Saving and Protecting the Fauna through Conservation Projects from Overexploitation Which Leads to Extinction

Who Cares? It's Just an Animal: The Importance of Saving Our Fauna Pizza is the saddest polar bear in the world. Pizza is confined in a tiny aquarium located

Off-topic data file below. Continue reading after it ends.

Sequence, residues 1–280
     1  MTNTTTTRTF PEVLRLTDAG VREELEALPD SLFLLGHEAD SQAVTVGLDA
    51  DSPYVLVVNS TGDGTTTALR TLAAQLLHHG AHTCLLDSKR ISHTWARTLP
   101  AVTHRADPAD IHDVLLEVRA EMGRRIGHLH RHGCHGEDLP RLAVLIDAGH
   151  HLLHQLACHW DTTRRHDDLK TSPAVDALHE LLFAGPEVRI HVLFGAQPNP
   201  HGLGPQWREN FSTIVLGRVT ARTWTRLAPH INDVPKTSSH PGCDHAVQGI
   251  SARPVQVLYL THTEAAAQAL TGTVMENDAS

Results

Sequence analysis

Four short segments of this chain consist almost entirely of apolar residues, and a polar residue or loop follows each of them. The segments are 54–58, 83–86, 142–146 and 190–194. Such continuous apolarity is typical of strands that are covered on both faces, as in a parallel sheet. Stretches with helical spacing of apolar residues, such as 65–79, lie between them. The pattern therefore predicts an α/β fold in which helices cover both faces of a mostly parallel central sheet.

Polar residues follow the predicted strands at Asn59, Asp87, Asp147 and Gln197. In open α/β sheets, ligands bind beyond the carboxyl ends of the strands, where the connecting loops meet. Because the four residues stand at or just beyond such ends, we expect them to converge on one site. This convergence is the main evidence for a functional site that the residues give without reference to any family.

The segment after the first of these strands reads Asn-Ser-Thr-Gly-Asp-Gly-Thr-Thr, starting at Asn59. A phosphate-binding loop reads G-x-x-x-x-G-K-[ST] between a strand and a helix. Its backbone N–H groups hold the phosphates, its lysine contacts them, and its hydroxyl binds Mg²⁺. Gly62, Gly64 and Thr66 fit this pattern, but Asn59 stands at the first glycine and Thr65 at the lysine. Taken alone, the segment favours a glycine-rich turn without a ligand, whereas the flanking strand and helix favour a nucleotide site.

at Grandview Mall in Guangzhou, China. His only interaction is with the flashing lights and obsessive eyes of tourists. His walls are painted with a dark shade of blue in an attempt to make his small cage look like his real home, the Arctic. Pizza does not know what sunlight or fresh air feels like. Unfortunately, being in such solitude has caused detrimental effects on Pizza's mental health. He has begun to sway his head, pace back and forth, and stare at the wall as an "attempt to cope with stressful, aversive situations such as barren enclosures, boredom and constant disturbance by visitors" (Schelling 2016). After seeing Pizza's mental health deteriorate, the owners have decided to relocate Pizza into another marine park, where his parents live. Advisors believe that living with other bears will improve Pizza's health. Unfortunately, Pizza is not the only animal that faces these issues. Various species are being captured and showcased for human entertainment. Many animals are trapped in zoos, circuses, or trucks, constantly shipped to other locations. Although some places may give these animals adequate care, wild animals are not meant to be placed in a cage. Unless the animals were captive-born, they do not belong in captivity. To stop wild animal domestication, the government must strengthen enforcement, the people must protect the land, and the people should place animals in a proper habitat. The globalization of trade has allowed for easy access to illegal wildlife trafficking. Illegal Wildlife Trade(IWT) threatens our wildlife to extinction. The extinction of a species can disrupt the balance of the food chain and deeply affect our lives. Extinction will cause a butterfly effect: a prey disappears from the food chain, and the predator will soon have to find new food, or they will disappear also. Keep in mind that humans are part of the food chain. Animal extinction will undoubtedly impact human lives. For example, honeybees are now endangered species and if they go extinct, our crops will experience detrimental effects. In addition, trafficked animals are tortured either by being brutally beaten or being starved to death.